D.I.Y Disco Culture
It's been building for a while now, probably since the early to mid 90's but sure as eggs is eggs there's a scene building that is beginning to reclaim dance music's original underground spirit as we approach the end of the decade.
Word of mouth parties are springing up all over the place utilizing spaces which range from restaurants to old boozers to rooms above pubs to basements, all lending a distinctly underground feel to what has become a much needed antidote as we witness the last remains of the post super club era finally battle it out for financial survival.
If we look at Danny Rampling's Shoom night as just one example. The night itself was built around those that were in the know, care being taken not to call it elitist more so if you were meant to find out about it you would with a little investigating or just plain luck of knowing someone that knew what was going on and where it was happening.
Just as long as you wore a smile, liked the company of others, felt a sense of community which many did and danced to music you had a passion for you were in.
Here's where the underground can differentiate itself from the overground to some degree as people looking for those qualities are now beginning to find music, places, people and environments where this all exists today.
OK, it didn't take too long before everything associated with Rampling's era blew up and expanded, partly due to a combination of the social climate at the time and a drug called ecstasy but comparisons between those initial building blocks and todays climate of political unease and financial unrest are looking increasingly similar day by day.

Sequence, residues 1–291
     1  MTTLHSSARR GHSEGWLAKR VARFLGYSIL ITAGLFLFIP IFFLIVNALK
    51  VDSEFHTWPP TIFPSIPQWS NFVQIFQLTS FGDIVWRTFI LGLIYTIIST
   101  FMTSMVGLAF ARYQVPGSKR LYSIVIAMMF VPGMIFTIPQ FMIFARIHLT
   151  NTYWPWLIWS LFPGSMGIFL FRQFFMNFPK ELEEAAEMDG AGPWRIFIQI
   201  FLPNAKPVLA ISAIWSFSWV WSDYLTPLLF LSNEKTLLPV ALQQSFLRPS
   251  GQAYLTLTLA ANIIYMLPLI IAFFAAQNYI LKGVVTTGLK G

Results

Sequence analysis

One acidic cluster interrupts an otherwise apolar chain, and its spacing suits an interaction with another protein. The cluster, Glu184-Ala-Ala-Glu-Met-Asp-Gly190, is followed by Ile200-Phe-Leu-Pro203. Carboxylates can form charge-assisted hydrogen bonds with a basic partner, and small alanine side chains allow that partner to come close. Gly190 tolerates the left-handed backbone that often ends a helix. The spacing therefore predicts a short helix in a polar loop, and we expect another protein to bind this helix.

Moving off the comparatives mentioned and exploring instead what makes this version of a party appealing, consideration to music, crowd dynamic and venue should give a clearer picture as to the rise in popularity of these off piste D.I.Y club nights that are once again providing the energy and occasion that people may have found missing recently down at their local weekend hot spot.
A sense of community can go some of the way in explaining why even a night in a scout hut in Hastings can give a group of people that special something that has been surpassed by the survival focussed version of mainstream clubbing.
As the world moves on, information about these parties and gatherings including the djs that play at them is no longer a guarded secret, it's all out there on line for all to see and discover, sort of like an electronic old school local record retailer giving you the tip off just after you purchased a bag full of tunes over the counter.
A good starting point would be DJ History and Brownswood event and party forums.
Exciting times are here again, happy hunting.
Comments by Ali